1. Limited time only! Sign up for a free 30min personal tutor trial with Chegg Tutors
    Dismiss Notice
Dismiss Notice
Join Physics Forums Today!
The friendliest, high quality science and math community on the planet! Everyone who loves science is here!

Homework Help: One more limit

  1. Mar 23, 2008 #1
    1. The problem statement, all variables and given/known data
    lim as x goes to 1 from the right of 2^1/x-1=inf

    2. Relevant equations

    solve using delta-epsilon

    3. The attempt at a solution

    i am not sure how to prove an infinite limit, I have a defn that states, If for epsilon>0 there exists an M>0 such that x>M implies |f(x)-L|< epsilon. My main problem is that I am not sure how to do it, and how to get the power of two out of the way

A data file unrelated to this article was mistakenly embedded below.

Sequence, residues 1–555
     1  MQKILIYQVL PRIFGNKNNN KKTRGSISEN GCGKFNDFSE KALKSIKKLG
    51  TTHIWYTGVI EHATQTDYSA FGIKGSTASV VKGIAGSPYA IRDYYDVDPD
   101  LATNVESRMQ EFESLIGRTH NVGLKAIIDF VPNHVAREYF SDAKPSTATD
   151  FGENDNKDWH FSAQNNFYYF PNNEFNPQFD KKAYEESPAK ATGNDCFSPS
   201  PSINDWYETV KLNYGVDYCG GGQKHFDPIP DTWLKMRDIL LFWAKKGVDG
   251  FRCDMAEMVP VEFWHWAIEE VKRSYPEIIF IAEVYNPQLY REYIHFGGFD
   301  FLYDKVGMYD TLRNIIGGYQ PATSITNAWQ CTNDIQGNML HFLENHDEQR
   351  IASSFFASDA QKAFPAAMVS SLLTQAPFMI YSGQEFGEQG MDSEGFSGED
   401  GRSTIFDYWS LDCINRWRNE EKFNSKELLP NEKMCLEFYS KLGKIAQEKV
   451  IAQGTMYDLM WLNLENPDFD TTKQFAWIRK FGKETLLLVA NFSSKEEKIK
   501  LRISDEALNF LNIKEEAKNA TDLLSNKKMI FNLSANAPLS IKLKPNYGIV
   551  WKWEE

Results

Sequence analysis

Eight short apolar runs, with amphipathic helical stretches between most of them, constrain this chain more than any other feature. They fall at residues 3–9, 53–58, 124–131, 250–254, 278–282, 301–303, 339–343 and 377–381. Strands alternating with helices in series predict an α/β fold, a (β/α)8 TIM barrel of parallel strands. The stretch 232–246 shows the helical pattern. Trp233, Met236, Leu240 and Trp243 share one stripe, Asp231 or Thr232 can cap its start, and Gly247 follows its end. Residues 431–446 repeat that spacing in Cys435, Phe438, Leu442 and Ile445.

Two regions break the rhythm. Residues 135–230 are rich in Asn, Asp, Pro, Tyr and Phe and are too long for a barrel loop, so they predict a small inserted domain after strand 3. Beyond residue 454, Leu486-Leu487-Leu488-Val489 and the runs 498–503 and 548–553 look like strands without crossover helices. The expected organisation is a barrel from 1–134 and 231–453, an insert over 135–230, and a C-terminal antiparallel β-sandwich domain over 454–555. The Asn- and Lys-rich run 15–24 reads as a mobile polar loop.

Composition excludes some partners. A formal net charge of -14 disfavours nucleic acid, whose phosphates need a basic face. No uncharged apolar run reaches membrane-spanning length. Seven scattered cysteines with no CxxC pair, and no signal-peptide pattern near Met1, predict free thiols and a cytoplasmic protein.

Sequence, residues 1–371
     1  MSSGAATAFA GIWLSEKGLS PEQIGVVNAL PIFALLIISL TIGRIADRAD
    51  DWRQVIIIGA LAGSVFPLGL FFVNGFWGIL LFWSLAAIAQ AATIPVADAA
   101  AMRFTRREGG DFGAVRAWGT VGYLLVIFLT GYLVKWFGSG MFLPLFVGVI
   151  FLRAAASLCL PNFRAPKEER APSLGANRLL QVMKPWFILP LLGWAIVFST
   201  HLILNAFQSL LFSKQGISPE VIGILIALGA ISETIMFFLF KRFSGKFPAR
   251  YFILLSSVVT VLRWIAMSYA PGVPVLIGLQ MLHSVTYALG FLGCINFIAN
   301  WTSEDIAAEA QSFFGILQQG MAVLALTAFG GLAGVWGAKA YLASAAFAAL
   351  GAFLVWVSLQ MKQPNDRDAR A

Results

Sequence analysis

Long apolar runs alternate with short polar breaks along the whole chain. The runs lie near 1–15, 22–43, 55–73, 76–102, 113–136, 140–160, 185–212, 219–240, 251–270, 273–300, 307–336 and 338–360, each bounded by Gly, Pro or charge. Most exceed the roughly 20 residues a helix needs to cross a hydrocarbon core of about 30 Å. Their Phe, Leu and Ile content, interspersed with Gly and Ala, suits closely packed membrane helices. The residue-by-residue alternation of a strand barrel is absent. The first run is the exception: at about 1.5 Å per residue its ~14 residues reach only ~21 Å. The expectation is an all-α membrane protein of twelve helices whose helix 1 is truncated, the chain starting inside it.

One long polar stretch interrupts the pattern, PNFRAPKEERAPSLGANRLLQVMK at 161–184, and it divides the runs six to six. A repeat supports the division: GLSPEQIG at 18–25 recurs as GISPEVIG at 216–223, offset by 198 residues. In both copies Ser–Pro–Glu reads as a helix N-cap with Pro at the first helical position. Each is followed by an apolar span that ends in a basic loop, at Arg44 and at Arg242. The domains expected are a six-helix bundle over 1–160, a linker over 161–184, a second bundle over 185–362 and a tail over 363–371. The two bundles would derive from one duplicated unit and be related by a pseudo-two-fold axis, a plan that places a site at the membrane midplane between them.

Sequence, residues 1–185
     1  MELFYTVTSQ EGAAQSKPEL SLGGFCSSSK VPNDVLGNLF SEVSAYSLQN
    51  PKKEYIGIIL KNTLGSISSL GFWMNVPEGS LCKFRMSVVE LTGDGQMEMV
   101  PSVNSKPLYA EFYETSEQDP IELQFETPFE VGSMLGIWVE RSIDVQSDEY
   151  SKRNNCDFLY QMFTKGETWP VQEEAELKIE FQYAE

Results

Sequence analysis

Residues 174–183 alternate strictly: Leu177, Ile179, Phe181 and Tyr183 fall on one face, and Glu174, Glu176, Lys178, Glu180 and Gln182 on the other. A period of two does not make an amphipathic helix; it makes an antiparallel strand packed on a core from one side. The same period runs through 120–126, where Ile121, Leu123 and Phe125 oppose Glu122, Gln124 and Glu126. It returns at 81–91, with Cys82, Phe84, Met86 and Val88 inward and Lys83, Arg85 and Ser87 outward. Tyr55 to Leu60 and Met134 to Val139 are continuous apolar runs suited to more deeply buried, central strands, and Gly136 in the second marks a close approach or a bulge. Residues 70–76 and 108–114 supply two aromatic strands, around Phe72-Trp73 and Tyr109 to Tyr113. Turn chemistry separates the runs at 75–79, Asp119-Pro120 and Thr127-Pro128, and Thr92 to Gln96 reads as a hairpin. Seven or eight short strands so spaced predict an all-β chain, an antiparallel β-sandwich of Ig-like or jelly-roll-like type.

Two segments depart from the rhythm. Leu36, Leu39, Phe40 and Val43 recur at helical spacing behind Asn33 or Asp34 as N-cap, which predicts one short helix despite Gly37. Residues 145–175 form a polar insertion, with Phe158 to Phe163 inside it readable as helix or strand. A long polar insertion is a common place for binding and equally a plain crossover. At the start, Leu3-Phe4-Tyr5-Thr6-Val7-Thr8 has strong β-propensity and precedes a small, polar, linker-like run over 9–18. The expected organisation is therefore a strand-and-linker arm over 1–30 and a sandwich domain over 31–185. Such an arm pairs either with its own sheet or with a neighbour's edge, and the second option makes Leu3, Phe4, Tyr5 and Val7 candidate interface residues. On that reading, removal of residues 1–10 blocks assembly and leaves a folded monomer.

2. jcsd
  3. Mar 23, 2008 #2
    take the log
  4. Mar 23, 2008 #3
    is the definition right?
  5. Mar 23, 2008 #4
    did you mean lim x->1+ 2^(1/(1-x)) = 0?
    Last edited: Mar 23, 2008
  6. Mar 23, 2008 #5
    no the problem says it goes to inf
  7. Mar 23, 2008 #6
    Oh it's lim x->1+ 2^(1/(x-1)), which is inf yea

    The correct definition is

    lim x->a+ f(x) = inf if for all M > 0 there is a d > 0 s.t. 0 < |x-1| < d and x > 1 implies |f(x)| > M
Share this great discussion with others via Reddit, Google+, Twitter, or Facebook